Anyway, somewhere inside me there seems to be a treehugger (I love that word! We should all hug a tree more often, maybe we would actually save our forests if we did!) waiting to burst out. Now, I can hear you thinking, what has this got to do with histories??? No idea, I just liked the title this way. But I do promise to write something a bit more historical in the next couple of weeks.


The old oak at the village of Kaggevinne near Diest. This tree seriously looks as though not that long ago witches danced naked around its trunk.

The old oak at the village of Kaggevinne near Diest. This tree seriously looks as though not that long ago witches danced naked around its trunk.


Hanami people: why living in Japan is on my bucket list

Hanami in Ueno Park Tokyo

Hanami at the Ueno Park in Tokyo (2012). Cherry Blossom fun in the Ueno Park in Tokyo where crowds gathered to celebrate Hanami.


A recent blogpost by Thewallinna and other creatures about how she misses Hanami in springtime Japan, reminded me about my own fascination with all things Japanese. I don’t exactly know where it comes from, but even as a child I was incredibly curious about faraway Japan. In 2012 I had the immense pleasure of finally travelling to Tokyo.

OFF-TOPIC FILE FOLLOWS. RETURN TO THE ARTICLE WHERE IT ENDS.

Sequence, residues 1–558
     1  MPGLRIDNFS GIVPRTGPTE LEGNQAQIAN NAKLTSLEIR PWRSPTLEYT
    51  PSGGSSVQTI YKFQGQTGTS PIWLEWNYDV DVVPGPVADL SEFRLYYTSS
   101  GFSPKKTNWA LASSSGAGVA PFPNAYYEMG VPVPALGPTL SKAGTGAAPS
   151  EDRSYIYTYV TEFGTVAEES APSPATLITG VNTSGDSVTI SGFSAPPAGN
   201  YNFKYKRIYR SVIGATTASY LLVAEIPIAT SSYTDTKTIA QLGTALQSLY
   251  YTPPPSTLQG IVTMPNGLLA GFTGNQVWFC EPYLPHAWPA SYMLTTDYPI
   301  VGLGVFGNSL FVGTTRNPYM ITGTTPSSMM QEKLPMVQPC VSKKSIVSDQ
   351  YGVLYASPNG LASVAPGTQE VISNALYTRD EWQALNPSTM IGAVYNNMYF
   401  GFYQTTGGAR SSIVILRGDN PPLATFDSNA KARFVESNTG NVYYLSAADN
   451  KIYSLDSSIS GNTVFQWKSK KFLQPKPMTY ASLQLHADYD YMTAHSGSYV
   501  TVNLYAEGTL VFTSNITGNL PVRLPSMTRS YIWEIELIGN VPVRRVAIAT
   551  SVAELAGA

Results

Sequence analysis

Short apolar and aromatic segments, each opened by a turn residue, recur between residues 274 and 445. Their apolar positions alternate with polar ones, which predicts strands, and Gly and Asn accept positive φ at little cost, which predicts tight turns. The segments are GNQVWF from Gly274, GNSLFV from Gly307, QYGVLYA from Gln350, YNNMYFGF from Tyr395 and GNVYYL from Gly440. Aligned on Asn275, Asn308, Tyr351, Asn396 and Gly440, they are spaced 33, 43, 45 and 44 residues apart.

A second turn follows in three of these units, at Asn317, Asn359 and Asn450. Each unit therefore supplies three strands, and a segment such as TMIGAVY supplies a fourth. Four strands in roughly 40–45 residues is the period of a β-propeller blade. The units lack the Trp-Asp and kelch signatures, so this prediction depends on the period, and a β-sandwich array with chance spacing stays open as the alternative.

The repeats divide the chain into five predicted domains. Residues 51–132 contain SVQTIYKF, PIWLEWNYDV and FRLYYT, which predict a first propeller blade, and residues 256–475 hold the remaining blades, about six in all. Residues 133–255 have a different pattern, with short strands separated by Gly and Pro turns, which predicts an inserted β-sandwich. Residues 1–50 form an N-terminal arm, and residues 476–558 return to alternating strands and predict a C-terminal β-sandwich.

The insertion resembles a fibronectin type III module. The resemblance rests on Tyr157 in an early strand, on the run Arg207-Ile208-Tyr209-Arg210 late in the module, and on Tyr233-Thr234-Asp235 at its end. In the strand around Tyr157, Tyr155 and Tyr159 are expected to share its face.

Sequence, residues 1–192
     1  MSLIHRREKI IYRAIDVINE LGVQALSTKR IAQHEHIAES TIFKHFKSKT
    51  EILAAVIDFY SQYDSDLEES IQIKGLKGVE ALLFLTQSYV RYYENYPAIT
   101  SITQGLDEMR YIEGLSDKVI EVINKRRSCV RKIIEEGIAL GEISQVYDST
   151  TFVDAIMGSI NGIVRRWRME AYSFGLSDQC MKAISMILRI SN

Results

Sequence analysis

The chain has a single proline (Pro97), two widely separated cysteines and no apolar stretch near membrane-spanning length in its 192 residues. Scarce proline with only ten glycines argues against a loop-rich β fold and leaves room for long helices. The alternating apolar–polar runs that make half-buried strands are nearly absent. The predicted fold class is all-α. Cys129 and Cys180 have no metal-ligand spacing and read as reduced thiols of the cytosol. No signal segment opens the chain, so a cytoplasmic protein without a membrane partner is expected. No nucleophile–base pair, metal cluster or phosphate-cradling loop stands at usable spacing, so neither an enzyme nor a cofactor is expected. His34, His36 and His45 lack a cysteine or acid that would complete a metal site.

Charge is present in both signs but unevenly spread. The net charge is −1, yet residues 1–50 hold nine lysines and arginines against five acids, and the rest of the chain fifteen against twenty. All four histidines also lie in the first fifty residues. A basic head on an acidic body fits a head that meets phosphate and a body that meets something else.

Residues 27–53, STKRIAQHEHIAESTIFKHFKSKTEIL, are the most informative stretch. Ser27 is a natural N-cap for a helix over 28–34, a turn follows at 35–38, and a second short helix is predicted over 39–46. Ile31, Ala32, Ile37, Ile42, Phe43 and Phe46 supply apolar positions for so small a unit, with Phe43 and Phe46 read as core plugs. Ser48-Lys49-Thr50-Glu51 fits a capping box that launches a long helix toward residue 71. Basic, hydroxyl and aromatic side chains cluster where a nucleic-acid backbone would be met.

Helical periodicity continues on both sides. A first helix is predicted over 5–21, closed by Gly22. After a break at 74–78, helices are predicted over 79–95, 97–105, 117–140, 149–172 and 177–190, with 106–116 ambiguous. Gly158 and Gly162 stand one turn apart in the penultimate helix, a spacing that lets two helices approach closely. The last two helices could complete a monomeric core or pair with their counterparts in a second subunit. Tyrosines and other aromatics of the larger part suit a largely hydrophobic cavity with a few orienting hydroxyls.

So living in Japan is on my bucket list. Would I like to stay in Japan indefinitely? I don’t think so. But for a year or thereabouts, I would really like to experience its culture a bit more profoundly than I did in 2012. I only stayed for a week, but it’s left a huge impression. The sentiment that stayed with me most is admiration. And what I admire most about the Japanese is their elegance.


Ueno Park Tokyo (2012)

Crowds and Trees at Ueno Park Tokyo (2012)


Hanami is one of those elegant traditions. What a wonderfully sad and yet delicious thing! How beautiful the cherry trees looked beside the ugly greyness of Tokyo buildings. The funny thing is that we arrived in Tokyo from the States, where I had attended the Renaissance Society of America Conference in Washington. And of course, if you say Washington in March, you say Cherry Blossom Festival. The trees simply looked magnificent.